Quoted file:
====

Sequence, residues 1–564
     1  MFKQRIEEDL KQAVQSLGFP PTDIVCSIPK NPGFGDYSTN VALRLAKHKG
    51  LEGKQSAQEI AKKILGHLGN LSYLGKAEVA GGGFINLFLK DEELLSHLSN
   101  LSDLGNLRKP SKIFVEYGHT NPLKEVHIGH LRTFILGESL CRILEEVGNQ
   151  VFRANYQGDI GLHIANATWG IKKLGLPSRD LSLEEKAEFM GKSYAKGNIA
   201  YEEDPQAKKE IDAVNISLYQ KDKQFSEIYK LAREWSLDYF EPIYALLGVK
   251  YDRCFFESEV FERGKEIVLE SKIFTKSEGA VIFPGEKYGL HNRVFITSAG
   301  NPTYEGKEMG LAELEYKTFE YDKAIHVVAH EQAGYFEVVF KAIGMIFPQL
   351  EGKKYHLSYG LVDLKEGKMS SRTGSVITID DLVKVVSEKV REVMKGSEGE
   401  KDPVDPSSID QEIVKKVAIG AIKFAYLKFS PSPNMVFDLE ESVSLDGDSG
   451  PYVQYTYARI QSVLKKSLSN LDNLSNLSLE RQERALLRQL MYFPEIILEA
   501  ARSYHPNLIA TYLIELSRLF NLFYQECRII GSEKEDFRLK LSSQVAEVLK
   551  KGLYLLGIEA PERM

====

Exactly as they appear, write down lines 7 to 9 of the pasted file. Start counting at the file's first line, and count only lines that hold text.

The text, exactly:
   251  YDRCFFESEV FERGKEIVLE SKIFTKSEGA VIFPGEKYGL HNRVFITSAG
   301  NPTYEGKEMG LAELEYKTFE YDKAIHVVAH EQAGYFEVVF KAIGMIFPQL
   351  EGKKYHLSYG LVDLKEGKMS SRTGSVITID DLVKVVSEKV REVMKGSEGE